The rate of fault motion is calculated by combining the new surface ages, determined from crater density analysis and the measurement of maximum observed throw. This is then converted into a total cumulative moment release on each fault, integrated over their assumed ages. In order to do this, we assume a uniform temporal distribution of activity since the fault genesis. We consider this a reasonable assumption, since it is likely that a feature of this size was formed gradually, over geological timescales. There is also evidence of a long history of activity, certainly through the Amazonian, as shown by Vetterlein and Roberts . The total moment release, M0 over the age of the faults is given by the following:
where μ is the shear modulus, A is the fault surface area and is the total length-averaged slip. For Mars, μis generally thought to lie between 20 and 40 GPa [Knapmeyer et al., 2006; Grott et al., 2005; Schultz, 2003; Turcotte et al., 2002], taken here to be 30 ± 10 GPa. A is calculated from fault length, L and assumed fault depth, D. The relationship governing the ratio of fault depth to length in analogous terrestrial intraplate settings of normal and strike slip faults is given by Leonard :
However, given the large (>1000 km) lateral extent of the fault system, this calculation results in unphysical estimates of faulting depth. In all cases, the calculated depth exceeds the depth estimated for the elastic thickness of the lithosphere of the Elysium Planitia, of around 50 km (20–50 km [Comer et al., 1985], 50 ± 12 km [Wieczorek and Zuber, 2004], and 56 ± 20 km [Belleguic et al., 2005]). We, therefore, limit the depth of each fault to the depth of the elastic thickness in the region—50 km; a reasonable estimate for a major graben system of this kind. There is evidence that the faults may be segmented, which would affect the depth of faulting. Treating the segments as individual faults would significantly decrease the faulted depth. However, recent work by Hauber et al.  shows that as fault segments like this grow, they approach the character of a single fault. Work by Vetterlein and Roberts [2010, Figure 3] also shows that the Cerberus Fossae segments appear to behave as a single fault system in terms of the displacement length profile. We, therefore, assume the segments to be fully linked and treat them as such when determining depth of faulting.
 Though it is impossible to quantify the extent to which aeolian, and perhaps fluvial, processes have eroded the faults, the generic terrestrial longitudinal fault profile [Scholz et al., 1993] can be used to predict that the length-averaged slip, is approximately half of the maximum observed throw, SMAX. Taking = SMAX/2 will lead to a conservative estimate of slip rate that assumes no erosion, consistent with the aim of providing a lower-bound estimate of moment release rate. It should be noted that this length-averaged slip was doubled in the calculation to account for the dual nature of a graben system, which has two parallel antidipping faults.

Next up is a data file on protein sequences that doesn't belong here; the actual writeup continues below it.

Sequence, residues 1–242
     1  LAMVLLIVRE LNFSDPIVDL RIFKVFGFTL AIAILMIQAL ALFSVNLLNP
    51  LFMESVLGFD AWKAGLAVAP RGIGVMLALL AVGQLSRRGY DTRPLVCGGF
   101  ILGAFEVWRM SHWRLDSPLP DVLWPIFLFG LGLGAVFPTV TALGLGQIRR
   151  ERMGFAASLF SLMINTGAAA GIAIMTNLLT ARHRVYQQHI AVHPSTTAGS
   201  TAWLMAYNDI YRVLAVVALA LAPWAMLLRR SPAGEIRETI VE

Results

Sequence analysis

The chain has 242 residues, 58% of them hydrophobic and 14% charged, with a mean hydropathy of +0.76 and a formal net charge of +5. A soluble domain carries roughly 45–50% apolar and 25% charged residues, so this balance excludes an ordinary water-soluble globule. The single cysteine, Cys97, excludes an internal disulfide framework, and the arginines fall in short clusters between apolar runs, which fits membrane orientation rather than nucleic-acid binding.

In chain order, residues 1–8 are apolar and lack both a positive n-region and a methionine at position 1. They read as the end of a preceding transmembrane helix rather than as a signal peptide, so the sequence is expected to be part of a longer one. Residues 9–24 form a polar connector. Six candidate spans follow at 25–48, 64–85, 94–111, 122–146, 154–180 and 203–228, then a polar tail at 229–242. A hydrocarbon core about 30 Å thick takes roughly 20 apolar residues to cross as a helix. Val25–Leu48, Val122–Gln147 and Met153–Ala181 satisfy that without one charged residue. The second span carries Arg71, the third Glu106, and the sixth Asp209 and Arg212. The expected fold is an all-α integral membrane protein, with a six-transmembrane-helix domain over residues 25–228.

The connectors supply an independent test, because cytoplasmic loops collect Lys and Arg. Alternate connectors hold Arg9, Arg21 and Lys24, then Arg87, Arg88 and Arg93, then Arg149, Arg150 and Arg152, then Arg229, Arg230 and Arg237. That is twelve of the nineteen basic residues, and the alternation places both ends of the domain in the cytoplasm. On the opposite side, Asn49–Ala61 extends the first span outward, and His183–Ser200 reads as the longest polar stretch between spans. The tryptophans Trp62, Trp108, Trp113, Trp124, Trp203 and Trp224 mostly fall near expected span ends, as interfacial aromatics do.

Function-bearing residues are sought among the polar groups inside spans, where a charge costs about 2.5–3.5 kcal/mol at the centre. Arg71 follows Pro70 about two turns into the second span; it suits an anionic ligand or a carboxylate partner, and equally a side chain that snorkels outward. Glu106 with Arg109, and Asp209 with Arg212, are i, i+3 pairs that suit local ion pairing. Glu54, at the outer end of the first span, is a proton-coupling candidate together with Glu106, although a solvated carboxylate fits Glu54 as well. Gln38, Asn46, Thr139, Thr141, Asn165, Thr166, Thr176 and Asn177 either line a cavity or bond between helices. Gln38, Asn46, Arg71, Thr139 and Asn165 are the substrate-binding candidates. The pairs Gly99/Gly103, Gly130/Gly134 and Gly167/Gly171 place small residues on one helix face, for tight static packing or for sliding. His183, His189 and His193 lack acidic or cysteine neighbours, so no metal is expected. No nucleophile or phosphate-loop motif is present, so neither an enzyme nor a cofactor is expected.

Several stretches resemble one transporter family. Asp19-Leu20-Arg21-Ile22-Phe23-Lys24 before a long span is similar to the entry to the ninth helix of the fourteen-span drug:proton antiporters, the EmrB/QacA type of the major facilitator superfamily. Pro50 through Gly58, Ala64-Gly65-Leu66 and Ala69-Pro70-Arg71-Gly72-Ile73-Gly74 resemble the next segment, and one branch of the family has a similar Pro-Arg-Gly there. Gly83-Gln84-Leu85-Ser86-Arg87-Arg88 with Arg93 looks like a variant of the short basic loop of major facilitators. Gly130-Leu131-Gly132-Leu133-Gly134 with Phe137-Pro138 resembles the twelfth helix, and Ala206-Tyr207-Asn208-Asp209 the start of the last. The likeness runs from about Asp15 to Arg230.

Using these figures of measured fault lengths and length-averaged slip, the total cumulative moment release on each of the graben systems is calculated to be 0.5–9.5×1023Nm (see Table 2). The summed moment release rates represent a total annual seismic moment release of , assuming all energy is released seismically and that there is no strike-slip component of motion (Figure 6).
Figure 6. Composite THEMIS image of the Cerberus Fossae, (15 °N, 170 °E [NASA/JPL-Caltech/ASU]), showing two features of interest. (a) Fault segmentation and en echelon features could result in overestimate of moment release. However, faults are likely to conjoin at depth, minimizing the effect of this error. (b) Preexisting mesa, bisected by one of the graben systems. It is clear that there has been little to no horizontal component of strike-slip motion on these faults.
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 This figure is striking since it is comparable to global annual moment budgets calculated in other works (1018 Nm/yr [Golombek et al., 1992], 3.42×1016to 4.78×1018 Nm/yr [Knapmeyer et al., 2006]), implying that Mars could be more seismically active than previous estimates suggest or that the fault depth has been overestimated (see section 5.2).
 One potential source of error is the possibility that the faults may no longer be active or that motion is taken up aseismically. There seems, however, to be compelling evidence that Cerberus Fossae are still active (with boulder trails and geologically recent volcanic and aqueous activity) and that the energy is released in discrete seismic events. The Martian crust itself is cold and rigid, capable of supporting the huge edifice of Olympus Mons for several billion years [Arkani-Hamed and Riendler, 2002]. This makes aseismic motion close to the surface or on faults with a surface expression, unlikely.